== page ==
You have to give it up for the good folks at Disneynature: Having resurrected the Mouse House’s venerable tradition of outdoors vérité (raise your hand if you remember watching The Living Desert in elementary school), they’ve turned a new generation on to our big blue marble’s myriad of wonders. Youngsters can once again gape and gawk at undersea kingdoms (Oceans), far-flung locations on terra firma (Earth) and beasts in their natural habitat (African Cats, The Crimson Wing), all impeccably photographed and ultra kid-friendly.
Of course, it’s possible to be a little too kid-friendly with what are essentially big-screen National Geographic specials, which brings us to Chimpanzee. Disneynature’s latest comes with the usual sterling pedigree—directors Alastair Fothergill and Mark Linfield both worked on past DN docs, after respective tenures in the BBC’s Natural History Unit—and enough jaw-dropping imagery of Mother Earth’s glories (vast mist-tipped jungles, majestic waterfalls, time-lapse growth cycles of exotic plant life) to cure one’s atheism. It’s also chosen a subject that virtually invites nonstop awws: a baby chimp named Oscar, the community he lives with in the African wild and his search for a post-tragedy parental surrogate.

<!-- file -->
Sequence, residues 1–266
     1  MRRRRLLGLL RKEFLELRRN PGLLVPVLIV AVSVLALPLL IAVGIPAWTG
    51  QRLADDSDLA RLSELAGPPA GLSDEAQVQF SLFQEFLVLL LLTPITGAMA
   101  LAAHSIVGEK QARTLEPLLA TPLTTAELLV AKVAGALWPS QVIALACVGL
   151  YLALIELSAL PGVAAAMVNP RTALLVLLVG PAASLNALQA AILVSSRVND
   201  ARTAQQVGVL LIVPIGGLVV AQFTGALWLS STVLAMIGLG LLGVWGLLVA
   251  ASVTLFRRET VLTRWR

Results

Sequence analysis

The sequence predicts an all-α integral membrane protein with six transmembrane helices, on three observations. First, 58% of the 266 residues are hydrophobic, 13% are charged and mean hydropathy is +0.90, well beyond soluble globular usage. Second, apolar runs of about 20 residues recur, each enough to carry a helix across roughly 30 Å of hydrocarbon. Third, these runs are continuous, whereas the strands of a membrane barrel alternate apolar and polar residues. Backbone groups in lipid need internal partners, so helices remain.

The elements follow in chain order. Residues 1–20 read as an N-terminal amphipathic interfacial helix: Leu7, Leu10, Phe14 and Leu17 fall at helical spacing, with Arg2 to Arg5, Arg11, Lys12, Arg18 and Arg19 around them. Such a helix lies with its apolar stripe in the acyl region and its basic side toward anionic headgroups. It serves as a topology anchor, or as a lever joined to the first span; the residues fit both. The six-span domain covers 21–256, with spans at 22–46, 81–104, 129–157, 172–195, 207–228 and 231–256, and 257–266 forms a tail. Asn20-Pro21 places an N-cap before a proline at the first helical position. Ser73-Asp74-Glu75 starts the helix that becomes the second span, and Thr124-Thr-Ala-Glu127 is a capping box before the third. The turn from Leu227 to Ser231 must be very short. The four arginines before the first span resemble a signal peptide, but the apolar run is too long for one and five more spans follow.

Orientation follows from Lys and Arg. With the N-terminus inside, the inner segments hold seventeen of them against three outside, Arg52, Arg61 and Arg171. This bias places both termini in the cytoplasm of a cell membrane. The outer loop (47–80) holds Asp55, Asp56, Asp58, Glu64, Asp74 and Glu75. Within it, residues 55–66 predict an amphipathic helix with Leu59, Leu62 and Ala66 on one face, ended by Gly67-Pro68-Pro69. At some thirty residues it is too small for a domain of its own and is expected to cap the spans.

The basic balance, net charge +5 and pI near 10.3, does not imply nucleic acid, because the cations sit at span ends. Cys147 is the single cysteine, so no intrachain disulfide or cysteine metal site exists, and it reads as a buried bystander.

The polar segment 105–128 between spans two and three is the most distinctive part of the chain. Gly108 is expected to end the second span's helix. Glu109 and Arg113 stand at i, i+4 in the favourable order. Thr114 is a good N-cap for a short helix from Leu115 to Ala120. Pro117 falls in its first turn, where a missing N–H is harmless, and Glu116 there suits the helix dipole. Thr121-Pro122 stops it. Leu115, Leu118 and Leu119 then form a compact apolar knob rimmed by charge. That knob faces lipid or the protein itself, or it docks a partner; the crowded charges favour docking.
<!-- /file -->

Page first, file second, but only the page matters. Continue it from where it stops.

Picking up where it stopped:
Still, anthropomorphizing this tale of simian survival for the younger set doesn’t justify overdoses of cutesy montages set to neo-swing music or, worse, Tim Allen’s Tourette’s-like voiceover. Imagine the fourth-funniest kid from your third-grade class cracking jokes in your ear every five seconds, and you’ll have a good idea of the annoyance level the comedian’s narration provides. (An animal failing to crack open a nut is amusing; making 50 limp wisecracks about it is not.) Even the hyperventilating accounts of chimp-on-chimp hate crimes and dubious moralizing (“Teamwork beats brute force!”) seem forgivable compared with Allen’s incessant middlebrow riffing—as if kids can’t enjoy or appreciate nature without someone supplying stand-up commentary. No one’s asking for a somber account of simian life, but perhaps Buzz Lightyear could keep quiet for a bit and let the monkey business speak for itself.
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